- Articles & News
- For IT Pros
- Your Opinion
Here are links to each of the five articles in this month’s System Builder Marathon (we’ll update them as each story is published). And remember, these systems are all being given away at the end of the marathon.
To enter the giveaway, please fill out this Google form, and be sure to read the complete rules before entering!
While last year’s systems often focused on the expandability of high-end platforms, those platforms (largely based on Intel's X58 Express chipset) no longer support the fastest CPUs for our applications. Even enthusiasts must live with the reality that most programs can use no more than four CPU cores, and the fastest four-core processors have used decidedly mainstream chipsets since January. Those are the parts on which our most recent $2000 builds have centered.
Intel’s compelling upgrade for its mainstream processor interface turned the market on its head by adding ultra-fast video transcoding that could not be matched even by today’s fastest discrete GPUs, let alone an ultra-expensive six-core CPU. We've already seen what Quick Sync can do. With that said, none of the tests in our System Builder Marathon suite are optimized to exploit it; perhaps that's something we'll change going into next quarter's comparison. The real question is: should we even bother to upgrade?
Of course, the answer is yes. We've shown via extensive testing that Intel's Z68 Express platform loses nothing by way of overclocking or performance compared to the P67-based boards previously included in this series. These motherboards do cost a little more, which means today’s system takes a small hit in the value calculations, especially given that our transcoding-oriented benchmarks are processor-bound, and not able to enjoy the speed-up enabled through Quick Sync. Still, we had to follow our hearts on this one and think of what we’d build if these were our own machines. At the end of the day, Z68's additional functionality is really worthwhile.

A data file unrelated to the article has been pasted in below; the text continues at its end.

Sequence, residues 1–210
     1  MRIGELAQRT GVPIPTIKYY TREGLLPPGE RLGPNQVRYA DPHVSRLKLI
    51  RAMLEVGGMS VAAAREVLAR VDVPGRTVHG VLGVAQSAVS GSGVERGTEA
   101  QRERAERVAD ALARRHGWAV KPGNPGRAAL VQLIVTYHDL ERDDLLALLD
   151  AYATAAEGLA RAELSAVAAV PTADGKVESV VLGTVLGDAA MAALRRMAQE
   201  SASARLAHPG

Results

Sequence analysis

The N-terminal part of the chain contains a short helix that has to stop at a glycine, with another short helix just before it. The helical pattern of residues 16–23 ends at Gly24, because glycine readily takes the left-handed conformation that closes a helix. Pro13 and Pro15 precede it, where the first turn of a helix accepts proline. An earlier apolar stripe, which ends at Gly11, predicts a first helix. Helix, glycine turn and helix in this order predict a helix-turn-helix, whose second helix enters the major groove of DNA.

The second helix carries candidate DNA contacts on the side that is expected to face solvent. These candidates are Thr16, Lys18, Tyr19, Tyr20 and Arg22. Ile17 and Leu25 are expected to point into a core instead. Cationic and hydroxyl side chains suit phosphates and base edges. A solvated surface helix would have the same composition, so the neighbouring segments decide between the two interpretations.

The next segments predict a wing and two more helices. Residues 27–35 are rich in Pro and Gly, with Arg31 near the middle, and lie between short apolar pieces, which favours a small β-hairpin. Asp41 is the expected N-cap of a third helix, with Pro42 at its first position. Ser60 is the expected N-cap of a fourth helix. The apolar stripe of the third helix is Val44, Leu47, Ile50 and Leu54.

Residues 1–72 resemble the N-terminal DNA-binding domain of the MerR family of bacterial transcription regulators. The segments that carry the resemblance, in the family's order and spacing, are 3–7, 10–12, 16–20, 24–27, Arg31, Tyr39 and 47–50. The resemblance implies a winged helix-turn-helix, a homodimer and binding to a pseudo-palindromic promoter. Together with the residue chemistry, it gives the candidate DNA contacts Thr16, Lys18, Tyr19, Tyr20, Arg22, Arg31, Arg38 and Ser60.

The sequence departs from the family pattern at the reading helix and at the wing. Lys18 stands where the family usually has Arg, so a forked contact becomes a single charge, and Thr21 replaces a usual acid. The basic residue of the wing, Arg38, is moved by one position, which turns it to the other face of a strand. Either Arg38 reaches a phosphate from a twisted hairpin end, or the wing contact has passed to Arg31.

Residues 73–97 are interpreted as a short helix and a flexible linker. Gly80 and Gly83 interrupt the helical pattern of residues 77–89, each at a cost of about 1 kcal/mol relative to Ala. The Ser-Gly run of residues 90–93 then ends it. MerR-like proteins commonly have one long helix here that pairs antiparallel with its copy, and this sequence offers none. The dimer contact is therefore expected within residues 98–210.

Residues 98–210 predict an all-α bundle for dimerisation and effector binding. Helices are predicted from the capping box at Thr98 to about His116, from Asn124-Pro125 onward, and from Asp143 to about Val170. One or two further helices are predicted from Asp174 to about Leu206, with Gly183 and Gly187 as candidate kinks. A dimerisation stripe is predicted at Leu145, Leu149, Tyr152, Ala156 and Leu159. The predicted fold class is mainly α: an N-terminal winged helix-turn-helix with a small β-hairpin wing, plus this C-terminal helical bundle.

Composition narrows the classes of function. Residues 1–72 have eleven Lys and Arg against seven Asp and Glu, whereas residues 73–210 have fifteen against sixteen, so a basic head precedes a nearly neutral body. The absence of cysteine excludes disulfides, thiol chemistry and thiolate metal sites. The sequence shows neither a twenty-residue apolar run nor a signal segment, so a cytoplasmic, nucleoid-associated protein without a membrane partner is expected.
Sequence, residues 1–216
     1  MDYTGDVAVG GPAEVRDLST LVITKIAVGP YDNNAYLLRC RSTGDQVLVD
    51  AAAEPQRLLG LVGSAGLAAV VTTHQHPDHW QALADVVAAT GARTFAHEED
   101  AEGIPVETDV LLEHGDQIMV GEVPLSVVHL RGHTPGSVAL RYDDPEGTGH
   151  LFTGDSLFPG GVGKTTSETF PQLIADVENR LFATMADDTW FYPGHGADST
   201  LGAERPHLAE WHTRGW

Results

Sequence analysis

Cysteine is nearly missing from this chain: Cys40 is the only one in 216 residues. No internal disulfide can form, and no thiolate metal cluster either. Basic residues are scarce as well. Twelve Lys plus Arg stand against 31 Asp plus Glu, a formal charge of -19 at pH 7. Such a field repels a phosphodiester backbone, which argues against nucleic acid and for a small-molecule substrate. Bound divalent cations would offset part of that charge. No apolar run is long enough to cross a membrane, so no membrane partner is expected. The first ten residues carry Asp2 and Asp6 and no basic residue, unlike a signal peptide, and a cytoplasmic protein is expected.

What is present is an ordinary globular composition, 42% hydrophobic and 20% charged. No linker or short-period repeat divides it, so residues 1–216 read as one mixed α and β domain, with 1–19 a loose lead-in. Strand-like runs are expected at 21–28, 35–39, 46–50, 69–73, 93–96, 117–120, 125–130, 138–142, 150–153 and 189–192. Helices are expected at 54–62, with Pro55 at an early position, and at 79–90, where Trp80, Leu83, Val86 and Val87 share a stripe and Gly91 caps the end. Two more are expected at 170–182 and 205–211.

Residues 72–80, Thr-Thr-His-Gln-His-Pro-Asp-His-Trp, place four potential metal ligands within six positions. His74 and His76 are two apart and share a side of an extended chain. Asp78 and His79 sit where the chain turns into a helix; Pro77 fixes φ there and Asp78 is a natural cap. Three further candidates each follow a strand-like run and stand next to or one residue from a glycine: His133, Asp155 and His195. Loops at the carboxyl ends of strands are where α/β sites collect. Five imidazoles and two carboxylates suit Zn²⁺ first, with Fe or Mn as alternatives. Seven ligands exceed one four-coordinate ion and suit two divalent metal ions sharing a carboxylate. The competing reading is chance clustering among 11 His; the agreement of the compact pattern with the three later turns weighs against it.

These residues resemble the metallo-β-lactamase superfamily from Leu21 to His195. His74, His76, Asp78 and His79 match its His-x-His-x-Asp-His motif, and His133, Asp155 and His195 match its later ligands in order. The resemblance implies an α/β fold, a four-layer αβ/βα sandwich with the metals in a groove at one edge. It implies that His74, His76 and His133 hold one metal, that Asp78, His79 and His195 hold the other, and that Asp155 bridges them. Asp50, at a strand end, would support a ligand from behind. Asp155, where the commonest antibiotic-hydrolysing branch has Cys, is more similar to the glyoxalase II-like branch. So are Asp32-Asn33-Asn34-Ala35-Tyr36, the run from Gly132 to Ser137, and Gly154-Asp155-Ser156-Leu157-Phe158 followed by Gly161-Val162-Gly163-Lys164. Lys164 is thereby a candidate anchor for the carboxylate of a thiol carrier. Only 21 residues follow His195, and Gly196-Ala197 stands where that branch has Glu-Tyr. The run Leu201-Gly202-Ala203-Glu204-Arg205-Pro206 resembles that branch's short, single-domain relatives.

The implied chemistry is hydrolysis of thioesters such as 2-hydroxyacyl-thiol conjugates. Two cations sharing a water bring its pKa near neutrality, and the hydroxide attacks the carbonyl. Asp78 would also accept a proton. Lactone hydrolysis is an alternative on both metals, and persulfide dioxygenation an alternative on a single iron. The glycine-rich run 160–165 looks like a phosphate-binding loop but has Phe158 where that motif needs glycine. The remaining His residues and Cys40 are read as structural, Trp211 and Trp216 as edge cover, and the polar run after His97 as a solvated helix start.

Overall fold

Oh yes, and we ditched the often-favored Antec Three Hundred Illusion for something with a little more flash and twice the cost. With the same CPU, GPUs, and SSDs carried over from our most recent $2000 build, we're leaning hard on our partner's Newegg's recent price drops to retain the high-end value score of our former build.
|$2000 PC Components|
|Motherboard||ASRock Z68 Extreme4: LGA 1155, Intel Z68 Express||$190|
|Graphics||2x MSI R6970-2PM2D2GD5: Radeon HD 6970 2 GB, CrossFire||$680|
|Processor||Intel Core i7-2600K: 3.4 GHz-3.8 GHz, 8 MB Cache||$315|
|Memory||G.Skill F3-12800CL8D-8GBXM: DDR3-1600 C8, 4 GB x2 (8 GB)||$90|
|System Drive||2x A-Data S599 64 GB, SATA 3Gb/s SSD||$240|
|Storage Drive||Samsung F3 HD103SJ 1 TB, 7200 RPM HDD||$55|
|Optical||LG WH10LS30 BD-RE: 10x BD-R, 16x DVD±R||$70|
|Power||Seasonic SS-850HT: 850W, ATX12V v2.31, 80-Plus Silver||$125|
|Heat Sink||Xigmatek Gaia SD1283||$30|
Yet, value can’t completely be quantified by our scoring system. For example, how would a real-world user feel about having only 128 GB of storage? We added a 1 TB drive for that, along with a BD-RE for backups. This month’s disc burner is also cheaper than that of our previous build, which helps to offset the cost of that gorgeous case. Many of our readers have, after all, voiced concern that one of the things they value is the look on their friends’ faces when they show off their latest creation!